Geometric shapes – simple triangles, circles, half-circles, squares, etc. – have been en vogue for a while now in the design world, and there’s a reason for that. These shapes are the building blocks of all the more complex logos we see. 

By paring down an image to its geometrical foundation, designers show that the company understands the base, the very core of what goes into their business. There’s a lot of talk out there, but finding a company who understands all aspects and can deliver on their promises is rare.

Basic geometric shapes are familiar to all of us. Giving customers a familiar image to connect to is a tried-and-true design technique. In 2021, we’ll see more logos that rely on geometrical shapes as we look for the familiar in a strange new world. 

Symbolically Stated

The use of symbolism is a key tool in the logo designer’s toolbox. Logos that make a use of classic symbolism – for example, a leaf in the logo of an environmental company or a paw print in the logo of a veterinarian’s clinic – help customers immediately make that connection. 


Symbolism can, does, and should go beyond the basics. If you consult ancient Greek and Roman mythology, you know that a bow and arrow symbolize more than the hunt: stylized correctly, they can make us think of Cupid and love.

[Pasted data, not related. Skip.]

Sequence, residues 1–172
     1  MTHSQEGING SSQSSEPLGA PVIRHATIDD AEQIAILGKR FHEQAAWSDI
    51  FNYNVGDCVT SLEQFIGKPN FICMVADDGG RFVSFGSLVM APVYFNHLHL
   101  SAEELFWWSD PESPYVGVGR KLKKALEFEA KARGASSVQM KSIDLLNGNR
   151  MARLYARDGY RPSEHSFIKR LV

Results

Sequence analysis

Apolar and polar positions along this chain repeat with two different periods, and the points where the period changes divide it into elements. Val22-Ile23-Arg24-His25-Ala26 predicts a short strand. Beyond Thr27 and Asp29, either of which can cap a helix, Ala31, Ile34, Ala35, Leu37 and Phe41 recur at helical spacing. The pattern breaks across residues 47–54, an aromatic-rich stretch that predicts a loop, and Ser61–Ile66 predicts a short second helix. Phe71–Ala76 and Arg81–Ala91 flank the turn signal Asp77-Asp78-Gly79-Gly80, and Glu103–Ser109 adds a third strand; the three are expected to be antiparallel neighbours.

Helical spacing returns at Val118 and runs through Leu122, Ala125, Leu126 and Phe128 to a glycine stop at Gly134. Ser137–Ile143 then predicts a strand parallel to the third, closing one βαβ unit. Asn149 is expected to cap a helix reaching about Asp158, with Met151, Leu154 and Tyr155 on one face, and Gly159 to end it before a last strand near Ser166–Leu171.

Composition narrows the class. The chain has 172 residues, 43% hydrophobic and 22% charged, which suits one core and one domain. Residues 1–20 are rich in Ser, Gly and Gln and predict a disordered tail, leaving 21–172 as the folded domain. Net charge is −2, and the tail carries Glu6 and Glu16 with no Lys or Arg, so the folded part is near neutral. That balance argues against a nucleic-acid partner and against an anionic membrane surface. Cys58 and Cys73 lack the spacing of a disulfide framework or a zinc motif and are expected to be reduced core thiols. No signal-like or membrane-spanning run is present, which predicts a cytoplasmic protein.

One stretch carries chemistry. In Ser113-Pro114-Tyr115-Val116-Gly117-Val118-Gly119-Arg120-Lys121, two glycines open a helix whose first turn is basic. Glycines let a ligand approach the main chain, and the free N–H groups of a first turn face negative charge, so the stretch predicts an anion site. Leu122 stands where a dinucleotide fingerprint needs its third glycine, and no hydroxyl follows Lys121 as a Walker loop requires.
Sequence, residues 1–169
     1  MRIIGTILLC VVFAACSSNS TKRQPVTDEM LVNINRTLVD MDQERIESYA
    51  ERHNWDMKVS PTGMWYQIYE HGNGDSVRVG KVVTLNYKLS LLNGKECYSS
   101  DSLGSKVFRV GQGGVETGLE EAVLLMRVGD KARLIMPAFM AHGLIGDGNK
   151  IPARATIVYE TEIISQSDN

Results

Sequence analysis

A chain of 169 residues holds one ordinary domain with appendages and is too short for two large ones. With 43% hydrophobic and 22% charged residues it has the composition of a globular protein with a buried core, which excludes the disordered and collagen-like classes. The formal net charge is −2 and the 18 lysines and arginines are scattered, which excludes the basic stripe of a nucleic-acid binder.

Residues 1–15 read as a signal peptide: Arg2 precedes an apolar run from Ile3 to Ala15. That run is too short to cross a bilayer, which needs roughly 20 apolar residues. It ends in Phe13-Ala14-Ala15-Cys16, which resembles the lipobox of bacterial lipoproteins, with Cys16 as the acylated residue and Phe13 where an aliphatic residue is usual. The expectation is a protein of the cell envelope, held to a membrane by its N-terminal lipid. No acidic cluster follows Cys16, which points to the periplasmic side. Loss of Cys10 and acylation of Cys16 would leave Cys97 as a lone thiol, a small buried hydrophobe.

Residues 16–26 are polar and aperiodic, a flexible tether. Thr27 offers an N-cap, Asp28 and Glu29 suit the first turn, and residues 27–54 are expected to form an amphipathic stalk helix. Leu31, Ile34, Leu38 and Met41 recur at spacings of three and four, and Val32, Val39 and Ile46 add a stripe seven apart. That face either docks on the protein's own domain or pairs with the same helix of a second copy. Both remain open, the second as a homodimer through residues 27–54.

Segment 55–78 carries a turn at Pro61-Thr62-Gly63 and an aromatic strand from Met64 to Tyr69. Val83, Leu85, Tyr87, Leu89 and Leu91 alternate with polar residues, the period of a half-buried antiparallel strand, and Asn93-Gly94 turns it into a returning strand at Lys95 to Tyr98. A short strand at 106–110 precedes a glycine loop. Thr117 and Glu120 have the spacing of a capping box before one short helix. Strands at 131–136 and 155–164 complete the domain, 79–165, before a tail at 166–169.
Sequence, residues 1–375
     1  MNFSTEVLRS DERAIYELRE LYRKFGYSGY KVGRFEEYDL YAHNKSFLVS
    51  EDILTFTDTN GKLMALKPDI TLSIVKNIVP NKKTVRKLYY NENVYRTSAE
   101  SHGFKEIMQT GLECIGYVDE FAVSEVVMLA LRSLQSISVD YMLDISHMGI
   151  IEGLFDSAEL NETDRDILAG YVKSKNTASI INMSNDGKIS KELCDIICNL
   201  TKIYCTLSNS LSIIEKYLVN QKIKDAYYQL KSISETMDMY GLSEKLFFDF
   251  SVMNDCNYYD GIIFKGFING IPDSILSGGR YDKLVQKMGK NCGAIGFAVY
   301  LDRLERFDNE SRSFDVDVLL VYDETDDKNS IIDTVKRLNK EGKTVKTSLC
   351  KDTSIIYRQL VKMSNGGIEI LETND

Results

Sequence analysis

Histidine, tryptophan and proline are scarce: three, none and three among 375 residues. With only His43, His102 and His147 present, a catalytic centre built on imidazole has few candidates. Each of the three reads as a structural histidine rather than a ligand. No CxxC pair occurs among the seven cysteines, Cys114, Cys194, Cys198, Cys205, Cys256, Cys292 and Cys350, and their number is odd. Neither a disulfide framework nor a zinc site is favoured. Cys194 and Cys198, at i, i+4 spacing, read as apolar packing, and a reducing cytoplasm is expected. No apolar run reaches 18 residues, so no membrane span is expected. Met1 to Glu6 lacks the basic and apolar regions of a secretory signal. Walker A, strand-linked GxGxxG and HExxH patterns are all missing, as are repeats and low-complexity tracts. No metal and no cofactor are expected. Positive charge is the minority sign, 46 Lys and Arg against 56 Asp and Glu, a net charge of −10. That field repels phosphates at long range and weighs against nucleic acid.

In 2021, we predict that logo designers will use symbolism to draw connections between companies and physical objects, but also between companies and ideals. Love, growth, trust, and justice can all be communicated through age-old symbols.  

50 Shades Of Warm And Cool

GM’s new 2021 logo uses a very cool analogous color scheme.

Last but not least, no discussion of logo design would be complete without considering color. While contrast has ruled design trends of the past, it hasn’t been the trend in recent years. 

In fact, in 2021, we predict that the recent trend that emphasizes analogous color schemes will continue. Our world is visually stimulating to a fault. In fact, it’s really just overwhelming. Between our televisions, work computers, home computers, tablets, and of course, our ever-present phones, we’re always visually stimulated. 

Logo designers know the importance of making sure that stimulation doesn’t go too far. By choosing analogous colors, designers can make sure the logo creates an interesting experience for the viewer without making their eyes feel tired. 

There’s nothing wrong with little pops of contrasting color. However, the trend in 2021 is to move towards analogous color schemes that provide a cohesive and pleasing aspect of the logo.

In Conclusion… 

If 2020 taught us anything, it’s that it’s impossible to predict the future. We may never know what tomorrow will bring. However, based off recent brand relaunches and our research into the field, we feel pretty confident saying that a return to the familiar will be a dominating force in 2021 logo design. We’ll see an emphasis on emphasis on symmetry, clever wordmarks, geometrical shapes, a return to classic symbolism, and an embrace of pleasing color schemes. Who knows – we might even see a logo that incorporates all five!